There really does need to be some descriptions here. The two sites seem so similar that I'm unsure which is the proper one to use for certain math issues. In what situations would you use MathOverflow over Mathematics Stack Exchange?

  • 17
    Did you read the tour page of each? It is rather clear what the difference is. – Oded Mar 17 '15 at 16:42
  • 4
    And if you want to have a more detailed discussion on the topic (beyond what's in the help center), you'll be able to find more information on the subject on either site's meta, rather than here. – Servy Mar 17 '15 at 16:45
  • 2
    You could also read some of their questions to get the general feeling of each site. – Meta Andrew T. Mar 17 '15 at 17:56
  • 3
    For those voting to close because "pertains only to a specific site", can I ask which one of the two (MathOverflow and Mathematics) it specifically pertains to? – James Mar 17 '15 at 18:14

From the help centers of both sites:

MathOverflow help center:

MathOverflow's primary goal is for users to ask and answer research level(1) math questions, the sorts of questions you come across when you're writing or reading articles or graduate level books.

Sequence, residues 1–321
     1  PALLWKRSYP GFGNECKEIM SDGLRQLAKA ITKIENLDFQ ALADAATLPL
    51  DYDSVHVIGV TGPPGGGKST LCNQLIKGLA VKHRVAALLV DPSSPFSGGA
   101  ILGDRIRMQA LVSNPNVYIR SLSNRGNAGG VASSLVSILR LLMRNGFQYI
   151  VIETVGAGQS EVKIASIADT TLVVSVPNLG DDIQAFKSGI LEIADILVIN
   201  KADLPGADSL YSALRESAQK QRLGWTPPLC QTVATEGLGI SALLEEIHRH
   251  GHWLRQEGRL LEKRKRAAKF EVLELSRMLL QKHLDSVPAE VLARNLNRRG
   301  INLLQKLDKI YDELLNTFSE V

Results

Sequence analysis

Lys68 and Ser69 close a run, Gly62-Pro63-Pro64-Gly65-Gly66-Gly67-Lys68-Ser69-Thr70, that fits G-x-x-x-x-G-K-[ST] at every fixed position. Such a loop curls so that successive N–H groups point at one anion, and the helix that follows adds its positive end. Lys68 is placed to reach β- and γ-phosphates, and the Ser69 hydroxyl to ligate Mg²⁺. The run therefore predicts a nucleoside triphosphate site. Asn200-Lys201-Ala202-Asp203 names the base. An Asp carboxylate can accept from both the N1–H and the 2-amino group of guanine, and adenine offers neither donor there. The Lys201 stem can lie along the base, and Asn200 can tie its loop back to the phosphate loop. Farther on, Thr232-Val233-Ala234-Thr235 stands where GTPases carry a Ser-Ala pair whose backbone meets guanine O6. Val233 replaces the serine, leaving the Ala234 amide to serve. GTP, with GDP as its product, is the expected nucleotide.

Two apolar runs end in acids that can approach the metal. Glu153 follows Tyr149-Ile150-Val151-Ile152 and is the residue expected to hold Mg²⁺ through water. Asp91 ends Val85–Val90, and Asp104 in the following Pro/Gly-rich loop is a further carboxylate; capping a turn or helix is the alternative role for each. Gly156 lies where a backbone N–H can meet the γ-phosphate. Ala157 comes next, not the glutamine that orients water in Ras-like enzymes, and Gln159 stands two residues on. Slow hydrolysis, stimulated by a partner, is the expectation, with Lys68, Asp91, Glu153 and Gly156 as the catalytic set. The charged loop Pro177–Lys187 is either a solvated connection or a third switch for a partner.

Math.SE help center:

Mathematics Stack Exchange is a question and answer site for people studying math at any level and professionals in related fields

For more information see these posts,


Mathematics Stack Exchange is for students of mathematics, and for professionals in related fields, e.g. statisticians, quantitative finance analysts. Questions about problems in a mathematics course or textbook, and about understanding math concepts are appropriate. Questions about software used by mathematicians are also on topic (with the exception of Mathematica because there is already a Stack Exchange site devoted to that, Mathematica SE). Questions about solving math puzzles are welcomed.

In contrast, Math Overflow is for professional mathematicians, mathematics graduate students, and undergraduates involved in research. Math Overflow's primary goal:

is for users to ask and answer mathematical questions related to current research in mathematics... [also] questions when reading scholarly journals or advanced graduate level books in mathematics.

MathOverflow is not for homework help.

If you aren't sure whether a question belongs on Math Stack Exchange or Math Overflow, or somewhere else on (or off) the Stack Exchange network, this Meta Math Overflow answer should be helpful. It lists several related SE and non-SE Q&A websites.


You must log in to answer this question.

Not the answer you're looking for? Browse other questions tagged .